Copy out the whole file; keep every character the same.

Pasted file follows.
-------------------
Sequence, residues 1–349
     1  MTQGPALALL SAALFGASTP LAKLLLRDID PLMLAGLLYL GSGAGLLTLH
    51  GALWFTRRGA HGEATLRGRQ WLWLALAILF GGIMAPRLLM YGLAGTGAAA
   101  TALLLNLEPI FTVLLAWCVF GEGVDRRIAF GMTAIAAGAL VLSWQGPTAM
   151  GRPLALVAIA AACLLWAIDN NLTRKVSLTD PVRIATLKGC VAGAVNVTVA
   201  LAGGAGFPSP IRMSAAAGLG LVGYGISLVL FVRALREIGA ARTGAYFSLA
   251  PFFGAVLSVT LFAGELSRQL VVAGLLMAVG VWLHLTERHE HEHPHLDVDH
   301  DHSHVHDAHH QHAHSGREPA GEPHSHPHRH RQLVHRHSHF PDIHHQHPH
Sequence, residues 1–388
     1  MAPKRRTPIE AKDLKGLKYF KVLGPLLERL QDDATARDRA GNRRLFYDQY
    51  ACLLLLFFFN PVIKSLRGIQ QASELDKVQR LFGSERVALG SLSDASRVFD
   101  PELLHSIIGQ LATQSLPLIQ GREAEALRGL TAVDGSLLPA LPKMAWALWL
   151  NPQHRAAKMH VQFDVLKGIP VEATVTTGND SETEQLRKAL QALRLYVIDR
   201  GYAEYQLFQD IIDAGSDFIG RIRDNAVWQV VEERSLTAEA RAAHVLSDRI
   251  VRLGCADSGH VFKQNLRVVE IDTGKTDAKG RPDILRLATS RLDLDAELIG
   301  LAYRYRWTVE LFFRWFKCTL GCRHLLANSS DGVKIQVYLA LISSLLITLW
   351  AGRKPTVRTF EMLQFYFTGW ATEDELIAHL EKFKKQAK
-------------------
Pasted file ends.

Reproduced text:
Sequence, residues 1–349
     1  MTQGPALALL SAALFGASTP LAKLLLRDID PLMLAGLLYL GSGAGLLTLH
    51  GALWFTRRGA HGEATLRGRQ WLWLALAILF GGIMAPRLLM YGLAGTGAAA
   101  TALLLNLEPI FTVLLAWCVF GEGVDRRIAF GMTAIAAGAL VLSWQGPTAM
   151  GRPLALVAIA AACLLWAIDN NLTRKVSLTD PVRIATLKGC VAGAVNVTVA
   201  LAGGAGFPSP IRMSAAAGLG LVGYGISLVL FVRALREIGA ARTGAYFSLA
   251  PFFGAVLSVT LFAGELSRQL VVAGLLMAVG VWLHLTERHE HEHPHLDVDH
   301  DHSHVHDAHH QHAHSGREPA GEPHSHPHRH RQLVHRHSHF PDIHHQHPH
Sequence, residues 1–388
     1  MAPKRRTPIE AKDLKGLKYF KVLGPLLERL QDDATARDRA GNRRLFYDQY
    51  ACLLLLFFFN PVIKSLRGIQ QASELDKVQR LFGSERVALG SLSDASRVFD
   101  PELLHSIIGQ LATQSLPLIQ GREAEALRGL TAVDGSLLPA LPKMAWALWL
   151  NPQHRAAKMH VQFDVLKGIP VEATVTTGND SETEQLRKAL QALRLYVIDR
   201  GYAEYQLFQD IIDAGSDFIG RIRDNAVWQV VEERSLTAEA RAAHVLSDRI
   251  VRLGCADSGH VFKQNLRVVE IDTGKTDAKG RPDILRLATS RLDLDAELIG
   301  LAYRYRWTVE LFFRWFKCTL GCRHLLANSS DGVKIQVYLA LISSLLITLW
   351  AGRKPTVRTF EMLQFYFTGW ATEDELIAHL EKFKKQAK